The End of the Suburbs: Where the American Dream is Moving, by Leigh Gallagher, Portfolio Penguin, RRP$25.95
My former Brooklyn home was once almost demolished to make way for a baseball stadium. Walter O’Malley, the former owner of the Brooklyn Dodgers, drew up plans to raze a couple of hundred townhouses and plonk a new stadium on top. When refused by Robert Moses, then New York’s legendary city planner, O’Malley moved the Dodgers to Los Angeles.
That was in 1957, when the Dodgers’ Italian-American fans had started to abandon Brooklyn and move to the Long Island suburbs. O’Malley thought if he sited the stadium by the Long Island Rail Road station at Atlantic Avenue, it would be an easy journey. It was at the start of the decline of New York that culminated, amid street crime and urban dereliction, in near bankruptcy in 1975.
These days, of course, no one would think for a second of knocking down several streets of brownstones in Park Slope (the Barclays Center basketball stadium has since been erected on old railway yards nearby). Young families are not heading eagerly to Long Island and New Jersey any more – they want to remain in hipster Brooklyn if they can afford it.
New York’s astonishing urban revival since the 1980s, culminating in bankers with children transforming Tribeca into “Triburbia”, has turned Brooklyn neighbourhoods such as Park Slope, Cobble Hill and Fort Greene into the new suburbs. For millennial parents, commuting into the city from a detached house in Westchester is a poor second best.
Whatever happened to the suburb, the postwar phenomenon that made the US a country of low-density housing, suburban sprawl based on driving instead of walking – an archipelago, according to author Leigh Gallagher (a child of the suburbs), of “little marching bands and soccer leagues, bake sales and PTA meetings”?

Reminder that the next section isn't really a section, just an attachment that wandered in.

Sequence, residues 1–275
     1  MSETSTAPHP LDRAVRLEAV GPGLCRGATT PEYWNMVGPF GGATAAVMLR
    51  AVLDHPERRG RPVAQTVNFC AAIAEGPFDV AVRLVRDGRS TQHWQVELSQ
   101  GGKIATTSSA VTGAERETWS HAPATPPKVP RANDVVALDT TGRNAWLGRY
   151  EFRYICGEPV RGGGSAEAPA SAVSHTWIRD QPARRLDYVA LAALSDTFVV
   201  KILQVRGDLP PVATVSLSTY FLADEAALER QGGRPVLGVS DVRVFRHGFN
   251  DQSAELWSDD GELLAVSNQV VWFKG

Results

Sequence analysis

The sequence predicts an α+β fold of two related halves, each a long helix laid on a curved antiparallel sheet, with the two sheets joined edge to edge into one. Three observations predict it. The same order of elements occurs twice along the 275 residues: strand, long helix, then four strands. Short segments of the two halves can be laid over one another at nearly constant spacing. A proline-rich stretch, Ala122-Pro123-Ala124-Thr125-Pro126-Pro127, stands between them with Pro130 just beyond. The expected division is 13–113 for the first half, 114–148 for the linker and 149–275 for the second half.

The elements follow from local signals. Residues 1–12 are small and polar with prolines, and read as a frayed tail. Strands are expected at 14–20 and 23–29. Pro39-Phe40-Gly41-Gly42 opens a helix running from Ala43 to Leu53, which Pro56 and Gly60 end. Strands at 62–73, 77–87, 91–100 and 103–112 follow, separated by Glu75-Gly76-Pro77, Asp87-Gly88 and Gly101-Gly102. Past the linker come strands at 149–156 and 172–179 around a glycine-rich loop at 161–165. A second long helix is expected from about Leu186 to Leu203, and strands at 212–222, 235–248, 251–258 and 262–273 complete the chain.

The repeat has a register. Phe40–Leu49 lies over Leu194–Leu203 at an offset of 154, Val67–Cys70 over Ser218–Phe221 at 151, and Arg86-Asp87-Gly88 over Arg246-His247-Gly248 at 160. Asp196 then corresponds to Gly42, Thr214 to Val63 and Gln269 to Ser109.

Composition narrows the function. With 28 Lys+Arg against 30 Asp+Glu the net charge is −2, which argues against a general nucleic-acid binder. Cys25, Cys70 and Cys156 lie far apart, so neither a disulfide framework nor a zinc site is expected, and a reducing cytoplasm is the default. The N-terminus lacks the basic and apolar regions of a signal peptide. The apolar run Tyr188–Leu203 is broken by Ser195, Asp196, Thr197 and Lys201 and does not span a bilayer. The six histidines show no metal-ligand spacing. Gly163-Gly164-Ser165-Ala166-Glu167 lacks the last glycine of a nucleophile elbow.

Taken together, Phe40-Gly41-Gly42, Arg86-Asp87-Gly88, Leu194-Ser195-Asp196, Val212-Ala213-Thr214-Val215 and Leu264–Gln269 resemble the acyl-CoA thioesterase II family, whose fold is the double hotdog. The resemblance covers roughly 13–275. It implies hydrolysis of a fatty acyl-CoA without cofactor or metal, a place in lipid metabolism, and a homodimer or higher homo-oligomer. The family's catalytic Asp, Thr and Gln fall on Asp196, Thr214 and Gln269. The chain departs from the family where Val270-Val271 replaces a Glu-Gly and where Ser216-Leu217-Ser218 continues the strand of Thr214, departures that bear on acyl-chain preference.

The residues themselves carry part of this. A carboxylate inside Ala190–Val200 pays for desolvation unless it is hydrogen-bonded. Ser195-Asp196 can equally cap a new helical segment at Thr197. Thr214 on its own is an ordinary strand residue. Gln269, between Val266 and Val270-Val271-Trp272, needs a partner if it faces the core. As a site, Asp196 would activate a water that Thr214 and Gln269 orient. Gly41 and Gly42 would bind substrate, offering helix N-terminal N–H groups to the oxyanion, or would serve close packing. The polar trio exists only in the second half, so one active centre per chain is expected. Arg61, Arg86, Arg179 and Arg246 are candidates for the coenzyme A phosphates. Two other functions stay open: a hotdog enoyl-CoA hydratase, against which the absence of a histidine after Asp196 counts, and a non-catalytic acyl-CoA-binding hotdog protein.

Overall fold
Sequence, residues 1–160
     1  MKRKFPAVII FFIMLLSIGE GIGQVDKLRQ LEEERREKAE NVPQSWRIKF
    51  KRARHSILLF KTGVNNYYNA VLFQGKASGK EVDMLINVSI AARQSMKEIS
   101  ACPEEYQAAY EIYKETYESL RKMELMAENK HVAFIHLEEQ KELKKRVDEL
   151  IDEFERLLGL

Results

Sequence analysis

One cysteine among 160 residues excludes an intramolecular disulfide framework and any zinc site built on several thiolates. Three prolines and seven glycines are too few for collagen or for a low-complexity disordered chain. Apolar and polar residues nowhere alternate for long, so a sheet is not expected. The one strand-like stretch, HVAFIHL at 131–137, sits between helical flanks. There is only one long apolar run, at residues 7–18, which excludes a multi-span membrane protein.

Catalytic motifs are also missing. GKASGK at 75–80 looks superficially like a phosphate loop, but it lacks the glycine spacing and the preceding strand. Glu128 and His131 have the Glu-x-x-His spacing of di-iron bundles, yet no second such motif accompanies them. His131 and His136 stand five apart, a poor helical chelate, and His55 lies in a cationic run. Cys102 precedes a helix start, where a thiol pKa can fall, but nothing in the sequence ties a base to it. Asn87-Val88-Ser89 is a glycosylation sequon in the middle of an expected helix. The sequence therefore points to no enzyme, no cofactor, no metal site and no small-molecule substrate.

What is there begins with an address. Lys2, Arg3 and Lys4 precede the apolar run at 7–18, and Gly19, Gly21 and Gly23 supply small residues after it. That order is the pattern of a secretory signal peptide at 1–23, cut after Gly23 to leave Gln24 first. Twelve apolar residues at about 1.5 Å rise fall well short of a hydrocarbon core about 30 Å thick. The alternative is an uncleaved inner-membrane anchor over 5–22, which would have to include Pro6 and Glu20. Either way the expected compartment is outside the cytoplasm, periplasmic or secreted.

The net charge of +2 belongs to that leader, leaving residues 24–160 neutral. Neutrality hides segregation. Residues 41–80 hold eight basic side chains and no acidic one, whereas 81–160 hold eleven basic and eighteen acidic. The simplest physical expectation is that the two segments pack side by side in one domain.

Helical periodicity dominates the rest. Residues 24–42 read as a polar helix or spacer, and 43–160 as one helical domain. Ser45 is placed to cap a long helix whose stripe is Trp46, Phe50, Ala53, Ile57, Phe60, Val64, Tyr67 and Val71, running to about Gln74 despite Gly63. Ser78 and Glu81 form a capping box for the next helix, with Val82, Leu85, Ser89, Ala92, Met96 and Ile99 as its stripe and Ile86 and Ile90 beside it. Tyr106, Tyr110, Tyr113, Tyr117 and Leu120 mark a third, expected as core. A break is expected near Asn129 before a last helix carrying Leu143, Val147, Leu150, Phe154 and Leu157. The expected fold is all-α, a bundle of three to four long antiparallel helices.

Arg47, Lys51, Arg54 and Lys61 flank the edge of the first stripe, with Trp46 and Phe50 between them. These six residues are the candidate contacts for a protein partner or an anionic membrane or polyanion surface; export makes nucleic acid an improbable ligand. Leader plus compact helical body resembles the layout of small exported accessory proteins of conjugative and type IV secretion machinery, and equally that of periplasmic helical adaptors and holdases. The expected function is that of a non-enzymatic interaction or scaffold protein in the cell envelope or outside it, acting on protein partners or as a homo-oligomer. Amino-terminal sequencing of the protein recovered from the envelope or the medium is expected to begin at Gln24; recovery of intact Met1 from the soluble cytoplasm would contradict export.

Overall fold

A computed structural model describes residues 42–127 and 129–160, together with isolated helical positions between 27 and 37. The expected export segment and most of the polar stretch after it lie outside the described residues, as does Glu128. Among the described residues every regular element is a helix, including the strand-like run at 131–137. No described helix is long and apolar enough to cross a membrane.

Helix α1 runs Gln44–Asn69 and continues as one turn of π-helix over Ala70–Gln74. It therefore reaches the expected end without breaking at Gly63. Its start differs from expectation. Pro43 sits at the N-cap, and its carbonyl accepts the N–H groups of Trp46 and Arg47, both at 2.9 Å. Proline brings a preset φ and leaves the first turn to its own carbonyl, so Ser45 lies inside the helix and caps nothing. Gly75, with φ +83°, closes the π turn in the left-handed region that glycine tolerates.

The “inner city” – once a sinkhole of deprivation – is the place well-off professionals want to live. When Jane Jacobs wrote The Death and Life of Great American Cities in 1961, advocating the virtues of high-density living and little shops, it was a rearguard action. That fight is over.
There are still swaths of suburbs (and, beyond them, the “exurbs” of Orange County, California or Phoenix, Arizona). There is also Detroit, whose inner core faces demolition for want of a better idea. But the US is becoming positively European in its enthusiasm for high-density living.
Gallagher, a business journalist most at home discussing the economics of city dwelling and quizzing housebuilders, never quite answers the question of why things changed but does provide clues. One is that the suburbs went too far – Brooklyn Heights, one subway stop across the East River from Wall Street, was once considered a suburb but some Orange County commuters slog through a three-hour traffic jam to work.
Demographics also changed the calculation. In the New Jersey commuter town where Gallagher’s parents lived, it was common to have four or five children. Now, the US relies on immigration for new workers – today’s young parents settle for one or two kids, and do not require huge yards and pools. By 2025, families with children will form only a quarter of US households.
Perhaps because Gallagher wants to keep the book light and entertaining, which it is, she has little to say about “white flight” and the ways in which some suburbanites in the 1970s were not simply seeking a little slice of heaven beyond the city but were abandoning neighbourhoods as black and Latino residents moved in. US development is far more fluid than in Europe because there is more space to move outwards, and ethnic and racial segregation has financial effects. In the past, the exodus drained property tax revenues from inner cities, causing downward spirals into poverty and crime. Now, they are spiralling in the other direction.
Gallagher identifies the 2008 bust as a turning point – when homes in desirable city neighbourhoods held their values much better than McMansions in Florida and California. But subprime sprawl was also a symptom of people being forced to venture ever further to find affordable housing. “Please tell me it has a happy ending,” the chief executive of a suburban developer pleads to Gallagher. She does her best to provide one – after years of angst about the death of the US city, the corpse has sprung to life and is looking sprightly. City living is healthier, more sociable and more environmentally sustainable.
But when prices rose in US suburbs, you could always build another one. Despite the “new urbanist” movement to build city-like suburbs, there is only one Fort Greene, or Center City, Philadelphia. The new renovated shining city upon a hill is awfully expensive.
The writer is the FT’s chief business commentator
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